SHOWING UP CONSISTENTLY , from page 7
DG: Top talent is attracted to ELEMENT, and stays, for three key reasons: 1. Our workforce believes they can make a difference in their communities and are empowered to do so. 2. Our friendly, flexible culture values relationships and collaboration. 3. Our competitive pay and benefits. The engineering job market is highly competitive, often referred to as a “war for talent.” As a result, many qualified candidates receive multiple offers. One recent example was when we interviewed a prospective employee. As we normally would, we took the time to meet in-person to discuss both the candidates and ELEMENT’s future goals. We walked away thinking it was a great fit, wondering where we stood in their mind. In the end they chose us, stating that our personal connection made all the difference. This is simply who we are. We afford all employees the flexibility of work and personal lives. As an example, we encourage employees to take off in the middle of the day to attend school functions because we trust they will get their work done. It’s the little things that matter – the $25 birthday gift card, feeling needed, and celebrating a milestone or accomplishment as a team. ELEMENT also has a generous bonus structure that rewards tenured employees. We encourage professional development and promote career paths for tenured associates by providing training, paying for certifications and licensing exams, while challenging each employee with increasing responsibilities along the way to meet their goals. “Trust is hard to earn and easy to lose. The way we have earned the trust of our clients is by showing up consistently. ELEMENT delivers when we say we will and is always there for our clients.” TZL: Does your firmwork closely with any higher education institutions to gain access to the latest technology, experience, and innovation and/or recruiting to find qualified resources? DG: We have partnerships with the University of South Florida and the Center for Urban Transportation Research to explore and implement new technologies in traffic safety. One such project was the installation of high friction surface treatment at signalized intersection approaches to increase the roadway surface friction and reduce the total number of crashes and crash severity. In 2018, we established the ELEMENT Engineering Group endowment scholarship with the USF College of Engineering to help the next generation of engineers pursue higher education and research. In addition, we invite college students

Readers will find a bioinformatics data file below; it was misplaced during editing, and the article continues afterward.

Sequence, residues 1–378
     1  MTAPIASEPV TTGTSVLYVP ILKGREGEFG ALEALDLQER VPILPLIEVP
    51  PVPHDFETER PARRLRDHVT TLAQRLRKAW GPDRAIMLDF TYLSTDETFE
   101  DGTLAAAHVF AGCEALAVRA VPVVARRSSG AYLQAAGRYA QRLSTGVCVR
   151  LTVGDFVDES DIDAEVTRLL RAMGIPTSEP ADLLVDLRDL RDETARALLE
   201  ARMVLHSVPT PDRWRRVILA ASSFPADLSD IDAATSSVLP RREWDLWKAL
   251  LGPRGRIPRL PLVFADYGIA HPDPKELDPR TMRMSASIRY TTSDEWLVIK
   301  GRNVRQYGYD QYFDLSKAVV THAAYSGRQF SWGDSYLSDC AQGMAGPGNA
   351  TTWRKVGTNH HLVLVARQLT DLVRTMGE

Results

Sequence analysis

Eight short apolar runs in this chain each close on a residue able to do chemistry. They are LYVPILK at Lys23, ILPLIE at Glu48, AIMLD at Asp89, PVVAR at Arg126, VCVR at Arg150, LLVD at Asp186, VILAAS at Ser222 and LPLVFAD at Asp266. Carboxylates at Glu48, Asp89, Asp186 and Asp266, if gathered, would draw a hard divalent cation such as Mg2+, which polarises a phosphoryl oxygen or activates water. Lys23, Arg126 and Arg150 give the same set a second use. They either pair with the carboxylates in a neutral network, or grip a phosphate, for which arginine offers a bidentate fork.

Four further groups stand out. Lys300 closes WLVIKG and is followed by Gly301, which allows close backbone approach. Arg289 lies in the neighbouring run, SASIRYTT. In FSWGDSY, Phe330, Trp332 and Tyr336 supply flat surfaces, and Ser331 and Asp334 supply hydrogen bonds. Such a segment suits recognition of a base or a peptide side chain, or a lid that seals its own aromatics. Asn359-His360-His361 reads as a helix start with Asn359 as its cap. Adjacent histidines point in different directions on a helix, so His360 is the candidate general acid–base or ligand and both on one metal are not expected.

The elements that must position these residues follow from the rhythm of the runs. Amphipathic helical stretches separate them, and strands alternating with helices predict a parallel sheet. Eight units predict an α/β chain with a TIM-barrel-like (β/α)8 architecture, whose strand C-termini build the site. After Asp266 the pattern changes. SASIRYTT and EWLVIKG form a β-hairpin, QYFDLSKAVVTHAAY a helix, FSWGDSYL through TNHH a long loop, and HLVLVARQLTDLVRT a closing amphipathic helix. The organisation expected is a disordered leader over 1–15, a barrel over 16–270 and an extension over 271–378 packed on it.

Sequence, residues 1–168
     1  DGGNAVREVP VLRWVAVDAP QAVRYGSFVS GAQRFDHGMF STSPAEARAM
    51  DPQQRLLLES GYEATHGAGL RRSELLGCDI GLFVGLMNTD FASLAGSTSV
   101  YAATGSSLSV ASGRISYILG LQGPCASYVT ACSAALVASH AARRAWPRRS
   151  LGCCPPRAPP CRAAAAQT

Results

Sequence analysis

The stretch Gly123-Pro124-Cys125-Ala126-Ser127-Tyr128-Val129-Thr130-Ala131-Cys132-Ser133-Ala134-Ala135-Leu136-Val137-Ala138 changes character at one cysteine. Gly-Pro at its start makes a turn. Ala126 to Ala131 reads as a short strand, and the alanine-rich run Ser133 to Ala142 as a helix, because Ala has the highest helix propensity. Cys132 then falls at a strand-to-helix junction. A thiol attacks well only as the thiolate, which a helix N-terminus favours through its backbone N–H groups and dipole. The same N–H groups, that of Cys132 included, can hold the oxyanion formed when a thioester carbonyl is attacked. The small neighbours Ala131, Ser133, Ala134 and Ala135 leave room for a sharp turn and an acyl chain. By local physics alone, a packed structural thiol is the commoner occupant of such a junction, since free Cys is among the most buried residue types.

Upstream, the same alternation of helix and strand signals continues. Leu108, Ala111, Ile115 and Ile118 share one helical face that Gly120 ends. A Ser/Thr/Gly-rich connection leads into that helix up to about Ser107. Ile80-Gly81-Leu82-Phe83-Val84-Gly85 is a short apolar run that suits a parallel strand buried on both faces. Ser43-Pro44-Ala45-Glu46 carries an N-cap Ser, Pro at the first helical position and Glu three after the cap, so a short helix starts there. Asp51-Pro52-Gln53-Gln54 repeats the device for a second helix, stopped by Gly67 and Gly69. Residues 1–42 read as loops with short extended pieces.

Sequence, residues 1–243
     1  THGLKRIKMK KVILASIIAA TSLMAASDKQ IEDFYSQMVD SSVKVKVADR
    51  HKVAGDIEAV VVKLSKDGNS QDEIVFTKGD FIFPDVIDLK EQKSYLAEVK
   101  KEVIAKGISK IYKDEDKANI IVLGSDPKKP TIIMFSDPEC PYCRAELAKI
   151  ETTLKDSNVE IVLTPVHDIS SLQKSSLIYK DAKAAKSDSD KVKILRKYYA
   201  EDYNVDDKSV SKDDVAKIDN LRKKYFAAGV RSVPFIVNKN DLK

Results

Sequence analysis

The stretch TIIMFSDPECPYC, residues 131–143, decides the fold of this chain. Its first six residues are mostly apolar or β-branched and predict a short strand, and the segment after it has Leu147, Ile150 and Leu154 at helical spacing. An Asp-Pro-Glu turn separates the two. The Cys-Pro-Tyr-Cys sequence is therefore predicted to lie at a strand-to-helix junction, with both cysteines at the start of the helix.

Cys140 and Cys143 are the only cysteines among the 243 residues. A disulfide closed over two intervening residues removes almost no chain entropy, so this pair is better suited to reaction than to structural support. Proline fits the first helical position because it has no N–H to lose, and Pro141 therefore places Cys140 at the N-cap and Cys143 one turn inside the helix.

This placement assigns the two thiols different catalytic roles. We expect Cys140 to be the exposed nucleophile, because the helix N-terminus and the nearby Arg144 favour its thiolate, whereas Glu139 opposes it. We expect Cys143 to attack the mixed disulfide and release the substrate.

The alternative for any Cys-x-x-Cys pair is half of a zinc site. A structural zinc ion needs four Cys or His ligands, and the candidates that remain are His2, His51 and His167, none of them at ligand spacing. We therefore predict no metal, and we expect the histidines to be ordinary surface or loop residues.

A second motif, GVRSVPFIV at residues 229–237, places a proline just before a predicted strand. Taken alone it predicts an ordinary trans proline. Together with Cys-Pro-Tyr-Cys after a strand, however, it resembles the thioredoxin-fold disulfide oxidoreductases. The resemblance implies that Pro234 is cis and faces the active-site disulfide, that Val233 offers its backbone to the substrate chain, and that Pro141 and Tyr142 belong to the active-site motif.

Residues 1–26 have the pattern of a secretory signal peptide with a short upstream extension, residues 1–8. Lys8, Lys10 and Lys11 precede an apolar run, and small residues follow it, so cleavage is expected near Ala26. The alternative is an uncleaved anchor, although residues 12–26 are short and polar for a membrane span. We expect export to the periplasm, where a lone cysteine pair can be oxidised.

to shadow our working professionals and learn about the profession on the front lines. Also, throughout our partnership with USF on the philanthropic and project work, we have a strong record of converting internships into long-term employment. TZL: Ownership transition can be tricky, to say the least. What’s the key to ensuring a smooth passing of the baton? What’s the biggest pitfall to avoid? DG: I think of ownership transition in two ways – the transition of ownership from OMNI to ELEMENT and the transition to the next generation for the future of ELEMENT. The acquisition transition was approached with transparency and communication. Right from the beginning, we knew there would be a place for everyone. Acquiring OMNI was an expansion of service lines. This was one of the very first things we communicated. Along the way, I’ve had a “boots on the ground” approach that provided psychological safety for the acquired associates throughout the transition. We kept the day-to-day business of each service line operating the same while integrating the two businesses within a solid action plan. As my founding partners transitioned into retirement, I recognized the need to identify the next generation of leaders to carry ELEMENT forward beyond my retirement. There is a mix of talents to run a business from technical to financial understanding. The talents can be learned if the desire is there, and I have identified four employees who are now minority partners. We are working together to enhance the current business model for continued growth.
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THE ZWEIG LETTER JANUARY 24, 2022, ISSUE 1425
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